Stefanella's Drive Thru

Israel, U.S., conflict, war, peace, humor, travel, romance, fashion, fun

Body Politick February 28, 2006

Filed under: Uncategorized — stefanella @ 9:08 am


Bibi the model shows up smelling of aftershave and asking for our votes. After elections? He won’t let us smell his socks… #13, Shas party list
*********
Elections in 28 days. The rhetoric and ruthless backstabbing has begun.

But I wouldn’t know because I’m on hiatus from things political. The fun of that is allowing others to vocalize (rant) on my behalf. What a passive-aggressive way to share views, eh? Thinly veiled and entertaining at the same time.

Tamar, my Tuesday coffee pal attended a political forum last week; Here are her impressions (printed with permission, of course):

Roommate and I went to a candidate’s/parties’ forum recently to hear the raps. Very disturbing and fascinating. A lot of hatred. Why?

Speakers obsessed about security and Mr. Likud Uzi Landau and the handsome Herut man had subtexts that felt racist as hell. Mafdal with kipot srugot (knitted skullcaps whose wearers are generally associated with nationalism) with the United Torah unmentionables were equally scare-oriented.

A Kadima Russian “large-boned” woman constantly interrupted all speakers and a wig-wearing Meretz woman and Shinui pretty boy delivered shallow, uninspired rote.

The Labor man was intelligent and detailed yet he, too, was swept up in the Hamas-threat talk theme of the evening. I didn’t feel part of a country in the global economy of the 21st century. Rather, I felt in a tiny room with small-timers running for class president.

The one sane person was speaking for Tafnit (Democracy in Zion) addressing the short-term and longer-term platform. This I liked. Vision coupled w/bread and butter talk.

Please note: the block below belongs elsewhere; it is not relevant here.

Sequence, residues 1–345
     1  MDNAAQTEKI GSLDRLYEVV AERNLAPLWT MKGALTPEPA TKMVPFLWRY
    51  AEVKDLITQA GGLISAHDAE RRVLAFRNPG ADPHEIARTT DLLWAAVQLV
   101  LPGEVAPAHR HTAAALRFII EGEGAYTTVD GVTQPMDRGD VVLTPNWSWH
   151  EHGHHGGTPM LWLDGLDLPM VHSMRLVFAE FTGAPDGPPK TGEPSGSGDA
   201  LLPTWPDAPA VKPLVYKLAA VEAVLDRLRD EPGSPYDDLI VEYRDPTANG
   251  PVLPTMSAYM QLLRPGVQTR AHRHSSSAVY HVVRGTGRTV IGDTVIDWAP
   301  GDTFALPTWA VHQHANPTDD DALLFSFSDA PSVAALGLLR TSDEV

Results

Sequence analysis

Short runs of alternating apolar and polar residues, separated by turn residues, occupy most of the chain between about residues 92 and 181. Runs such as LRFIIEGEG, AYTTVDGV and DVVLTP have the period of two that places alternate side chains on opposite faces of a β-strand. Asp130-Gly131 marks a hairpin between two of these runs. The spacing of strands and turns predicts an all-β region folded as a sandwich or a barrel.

Most upsetting was a lack of understanding for or acknowledgment of the Hamas victory as at least partial commentary by Palestinians who had stuff on their minds besides blowing us up.

The evening was hateful because it offered no hope, no imagination, no compassion and it was filled with rhetoric of war, kill, defend, arm, enclose. Even Shinui, who has little military ring is saying the same thing in terms of platform. “We care not about who is in your bed or what you eat or who marries you.” To me this is pap because it is, again, without context or a concrete program.

Audience of raptly attentive Anglos; Beautiful moderation by David Horovitz.

I long for a government accountable to local constituencies. In the U.S. I enjoy phoning my congressional reps and demanding attention and deeds.
Did I tell you that Hebrew lacks the word for accountability?

Does this make me an American brat lacking proper understanding of the pap, er, I mean wisdom imparted?

..thanks Tamar

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Weekend at the Sportek, Tel Aviv February 26, 2006

Filed under: Uncategorized — stefanella @ 8:59 am


jumping

folk dance

fun, fun, fun
climbing wall

 

La Petite Refugee Camp February 25, 2006

Filed under: Uncategorized — stefanella @ 6:43 am


I might as well finish out the week on the same happy note as it began: Raphael’s brief hospitalization. I’ll start fresh tomorrow in Tara, Scarlett willing (not Johansen).

Allow me to preface this entry by noting that although I don’t blog about the Palestinian-Israeli situation, the Hamas victory, Putin’s invitation, Israel’s upcoming elections, the pitiful French response to gut-wrenching blatant anti-Semitism and other matters political, I’m not living in clueless realm. I simply choose not to write about this stuff because for years I was in the thick of it while working as a journalist for various international news organizations and for the time being I am in the backseat. Thanks for your support.

The above noted, ONE thing I learned while working in the hard news realm is how very grey life is. For instance, when at one point I was in Ramallah covering something or other, it boggled me to witness Israeli soldiers hangin’ with the cousins (Palestinians) – lighting cigarettes for each other, trading jokes – you know, hangin’. ..until some silent code was emitted and everyone fell into his respective role. Cut. Friendship over. One side now throws rocks, chants slogans and burns tires and the other fires rounds of tear gas, rubber bullets and live ammo to quell the upsurge. I was like: What in the hell just happened?

So how does that relate to a 4-year-old’s hospital stay? The room Rapha shared was with Mohammed and Noora. Mohammed is a 15-year-old from Gaza’s Jebalya Refugee Camp suffering from Crohn’s Disease and arthritis. Noora, 12 and also from Jebalya, was in the hospital for ongoing treatment of an ailment I didn’t quite catch. Both were accompanied by moms in modest Moslem garb and as it turned out, Noora’s mom heads the camp’s Red Crescent Society’s Womens Health Center and speaks fluent English.